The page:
Colby-curtis is ready for summer
The Annual General Meeting of the Stanstead Historical Society will take place on Saturday, June 14th, beginning at 10:00 a.m. at the Colby-Curtis Museum, 535 DufferinStreet, Stanstead. Our invited speaker this year will be the well-known military historian, Dr. Desmond Morton,whose talk, entitled “So… What did Townshippers do in the Great War, Daddy?” will complement one of our two summer exhibitions, both of which will open on the same day as the General Meeting, June 14th.
The exhibition “Remembering our soldiers of the Great War,” will explore the fate of the men from Stanstead whoenlisted and served on the Western Front, and the importance of ritualized commemoration in the years that followed. It will be mounted in the upstairs rooms of the museum. Our second summer exhibitions, also opening on June 14th and appropriately mounted in the ‘Doctor’s Office’, will be entitled “Rural Medicine in StansteadCounty.” It presents rural medicine as seen through the practices of three Stanstead doctors: Dr. Moses French Colby, who practiced in the border area from 1821 to 1855; his grandson, Dr. John Child Colby (1908-1928);and the recently retired Dr. Gilles Bouchard (1963-2013)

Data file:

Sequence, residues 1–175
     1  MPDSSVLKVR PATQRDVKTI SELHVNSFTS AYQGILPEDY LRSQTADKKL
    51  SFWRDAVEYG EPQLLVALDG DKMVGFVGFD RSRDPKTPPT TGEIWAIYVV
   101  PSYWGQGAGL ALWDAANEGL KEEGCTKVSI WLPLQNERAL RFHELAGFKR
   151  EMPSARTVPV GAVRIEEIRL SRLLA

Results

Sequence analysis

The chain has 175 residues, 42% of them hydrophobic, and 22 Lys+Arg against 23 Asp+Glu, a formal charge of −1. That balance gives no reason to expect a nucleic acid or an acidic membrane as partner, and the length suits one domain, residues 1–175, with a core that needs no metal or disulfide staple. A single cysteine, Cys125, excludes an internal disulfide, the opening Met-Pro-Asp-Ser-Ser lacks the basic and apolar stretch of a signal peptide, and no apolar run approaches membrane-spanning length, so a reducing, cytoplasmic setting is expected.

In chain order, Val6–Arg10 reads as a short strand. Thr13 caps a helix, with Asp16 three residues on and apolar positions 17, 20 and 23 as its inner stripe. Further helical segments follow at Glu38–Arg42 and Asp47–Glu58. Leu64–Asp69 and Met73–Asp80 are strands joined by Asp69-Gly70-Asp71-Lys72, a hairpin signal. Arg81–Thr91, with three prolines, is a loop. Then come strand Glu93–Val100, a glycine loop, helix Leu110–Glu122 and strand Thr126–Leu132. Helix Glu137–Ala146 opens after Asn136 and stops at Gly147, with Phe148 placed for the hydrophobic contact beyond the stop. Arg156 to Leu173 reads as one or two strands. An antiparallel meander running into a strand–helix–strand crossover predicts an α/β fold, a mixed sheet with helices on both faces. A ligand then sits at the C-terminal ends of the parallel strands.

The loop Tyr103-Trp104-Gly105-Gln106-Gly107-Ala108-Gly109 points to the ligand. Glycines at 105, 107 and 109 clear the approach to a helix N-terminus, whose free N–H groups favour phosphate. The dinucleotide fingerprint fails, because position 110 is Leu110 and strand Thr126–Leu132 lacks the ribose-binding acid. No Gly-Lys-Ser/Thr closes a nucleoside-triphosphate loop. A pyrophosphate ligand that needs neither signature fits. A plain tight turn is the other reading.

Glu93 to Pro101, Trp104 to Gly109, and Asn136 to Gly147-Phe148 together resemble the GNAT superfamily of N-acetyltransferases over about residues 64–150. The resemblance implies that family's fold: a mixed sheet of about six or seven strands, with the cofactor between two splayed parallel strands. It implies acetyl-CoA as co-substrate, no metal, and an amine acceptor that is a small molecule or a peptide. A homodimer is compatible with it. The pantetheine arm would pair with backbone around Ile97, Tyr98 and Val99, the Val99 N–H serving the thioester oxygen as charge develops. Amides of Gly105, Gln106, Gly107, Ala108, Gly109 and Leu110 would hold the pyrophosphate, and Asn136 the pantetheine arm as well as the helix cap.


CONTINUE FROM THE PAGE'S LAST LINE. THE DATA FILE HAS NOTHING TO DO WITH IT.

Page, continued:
Dr. Morton’s lecture will tell the story of the 5th Canadian Mounted Rifles: the principal unit from the Townships that served in the First World War. This cavalry unit was originally raised to replace British troops defending Egypt from the Turks but it was soon converted to an infantryunit for service on the Western Front. The commanding officer was the Conservative M.P. for Brome, George Baker. He and half the regiment were killed or severely wounded at the battle of Mont Sorrel, on June 2nd 1916. Baker was the only sitting Member of Parliament killed in the war. The regiment survived through reinforcements and remained part of the 3rd Canadian Division until theend of the war, suffering heavy losses at Passchendaele in 1917 and during the 100 Day Offensive that ended the waron November 11th 1918.